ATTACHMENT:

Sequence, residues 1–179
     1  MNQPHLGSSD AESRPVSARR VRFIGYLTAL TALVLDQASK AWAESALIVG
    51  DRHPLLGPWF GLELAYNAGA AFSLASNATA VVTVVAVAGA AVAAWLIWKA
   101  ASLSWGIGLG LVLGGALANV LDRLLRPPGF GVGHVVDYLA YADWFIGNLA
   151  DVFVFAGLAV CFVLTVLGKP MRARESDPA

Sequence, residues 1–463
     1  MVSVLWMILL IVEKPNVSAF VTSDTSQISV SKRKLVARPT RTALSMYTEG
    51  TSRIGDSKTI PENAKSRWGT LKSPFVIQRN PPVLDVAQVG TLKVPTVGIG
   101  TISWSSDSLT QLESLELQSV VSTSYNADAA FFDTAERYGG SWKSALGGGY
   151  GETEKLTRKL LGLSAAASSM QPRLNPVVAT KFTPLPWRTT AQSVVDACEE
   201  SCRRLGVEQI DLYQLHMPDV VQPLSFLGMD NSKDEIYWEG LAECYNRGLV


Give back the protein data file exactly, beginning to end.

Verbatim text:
Sequence, residues 1–179
     1  MNQPHLGSSD AESRPVSARR VRFIGYLTAL TALVLDQASK AWAESALIVG
    51  DRHPLLGPWF GLELAYNAGA AFSLASNATA VVTVVAVAGA AVAAWLIWKA
   101  ASLSWGIGLG LVLGGALANV LDRLLRPPGF GVGHVVDYLA YADWFIGNLA
   151  DVFVFAGLAV CFVLTVLGKP MRARESDPA

Sequence, residues 1–463
     1  MVSVLWMILL IVEKPNVSAF VTSDTSQISV SKRKLVARPT RTALSMYTEG
    51  TSRIGDSKTI PENAKSRWGT LKSPFVIQRN PPVLDVAQVG TLKVPTVGIG
   101  TISWSSDSLT QLESLELQSV VSTSYNADAA FFDTAERYGG SWKSALGGGY
   151  GETEKLTRKL LGLSAAASSM QPRLNPVVAT KFTPLPWRTT AQSVVDACEE
   201  SCRRLGVEQI DLYQLHMPDV VQPLSFLGMD NSKDEIYWEG LAECYNRGLV